DuPont loses $5 Million Teflon Verdict

The cancer-causing C8“nonstick” Teflon DuPont unleashed on the world in the 1950s failed once again to protect the company from getting stuck with a large jury verdict.

After more than a month of testimony, jurors in an Ohio federal courtroom on July 6, 2016 ordered DuPont to pay a man $5.1 million for causing his cancer. Jurors ruled DuPont acted with malice in dumping C8 chemical-tainted water from its West Virginia plant into the Ohio River. That chemical found its way into people’s drinking water (of course) and, according to some 3,500 lawsuits, gave them cancer and/or other problems.

Update:  The jury added $500,000 in punitive damages on July 8.

Teflon Chemical Testicular Cancer

In the latest verdict, Marietta College professor David Freeman said his testicular cancer came from DuPont’s dumping C8 into the Ohio River. Mr. Freeman’s is the second such case to go to trial over DuPont’s C8 contamination. DuPont discharged the chemical into the air and water around its Washington Works facility near Parkersburg, West Virginia.

A jury in the first case to go to trial, in October 2015, returned a $1.6 million verdict for a woman who also claimed her cancer was caused by drinking water contaminated with C8. That jury awarded Carla Bartlett of Guysville, Ohio, $1.1 million in damages. The jury ruled DuPont negligent and awarded $500,000 for emotional distress, though it did not award punitive damages. That verdict is on appeal (of course).

A third case that had been set for a March trial was brought by a man who said C8 exposure caused his ulcerative colitis; he settled for what DuPont described in a U.S. SEC filing as “an inconsequential amount.”  (Inconsequential to whom?)

AP and other news sources said DuPont declined comment after the July 6, 2016 verdict. DuPont said it would not speak about the verdict until the punitives portion is complete.

Perfluorooctanoate Acid – C8 – Teflon Illnesses

C8 is perfluorooctanoate acid, or PFOA. A scientific panel created by an earlier settlement has linked C8 to certain illnesses. In West Virginia, DuPont has used C8 since the 1950s as a processing agent to make Teflon and other nonstick items, oil-resistant paper packaging, stain-resistant textiles. DuPont had earlier settled a large class-action case that left it liable for potentially hundreds of millions of dollars in medical monitoring costs, as well as liable for thousands of follow-up personal injury cases and C8-related toxic cleanups.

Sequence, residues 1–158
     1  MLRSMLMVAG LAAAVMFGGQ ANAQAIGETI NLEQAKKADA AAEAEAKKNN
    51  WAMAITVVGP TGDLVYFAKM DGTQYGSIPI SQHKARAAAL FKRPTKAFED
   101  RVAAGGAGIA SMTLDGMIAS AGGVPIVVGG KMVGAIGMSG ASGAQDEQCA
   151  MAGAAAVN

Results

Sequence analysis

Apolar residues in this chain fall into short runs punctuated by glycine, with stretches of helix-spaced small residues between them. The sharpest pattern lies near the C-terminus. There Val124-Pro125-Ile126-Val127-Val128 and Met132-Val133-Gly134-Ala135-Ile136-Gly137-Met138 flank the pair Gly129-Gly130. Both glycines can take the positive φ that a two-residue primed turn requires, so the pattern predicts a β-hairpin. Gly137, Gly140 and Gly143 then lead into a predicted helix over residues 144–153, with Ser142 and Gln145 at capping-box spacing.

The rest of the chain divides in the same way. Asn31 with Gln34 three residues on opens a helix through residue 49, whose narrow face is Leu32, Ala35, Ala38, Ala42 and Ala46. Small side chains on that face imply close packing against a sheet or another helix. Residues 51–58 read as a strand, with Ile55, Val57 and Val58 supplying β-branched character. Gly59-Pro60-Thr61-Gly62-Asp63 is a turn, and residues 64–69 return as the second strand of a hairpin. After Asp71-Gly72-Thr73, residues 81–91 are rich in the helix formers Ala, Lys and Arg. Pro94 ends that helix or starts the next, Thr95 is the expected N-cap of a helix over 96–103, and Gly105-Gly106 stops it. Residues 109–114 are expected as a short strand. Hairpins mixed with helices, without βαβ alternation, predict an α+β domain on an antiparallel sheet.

DuPont Makeover – Chemours

In July 2015, DuPont spun its Teflon section into a company it now calls Chemours, in an apparent effort to limit liability it faces from C8. Local residents and lawyers for them in Wood County are greatly skeptical about the DuPont makeover/spinoff.

DuPont loses $5 Million Teflon Verdict

Chemours spokesmodel Cynthia Salitsky saic, “Today’s verdict will be appealed. It is important to note that all six bellwether cases in the MDL have now been tried, resolved or otherwise addressed.

Attorneys for Freeman argued that DuPont knew for decades C8 was toxic, yet never revealed it was a likely human carcinogen despite hard  evidence that said it was.

The West Virginia Department of Environmental Protection announced in 2002 that C8 was a “possible cancer risk to the public.”

DuPont paid $16.5 million as part of a federal settlement for a health study of residents whose drinking water was contaminated with C8.  Results released in 2012 showed there was a “probable link” between C8 and several types of cancer as well as other diseases.

 

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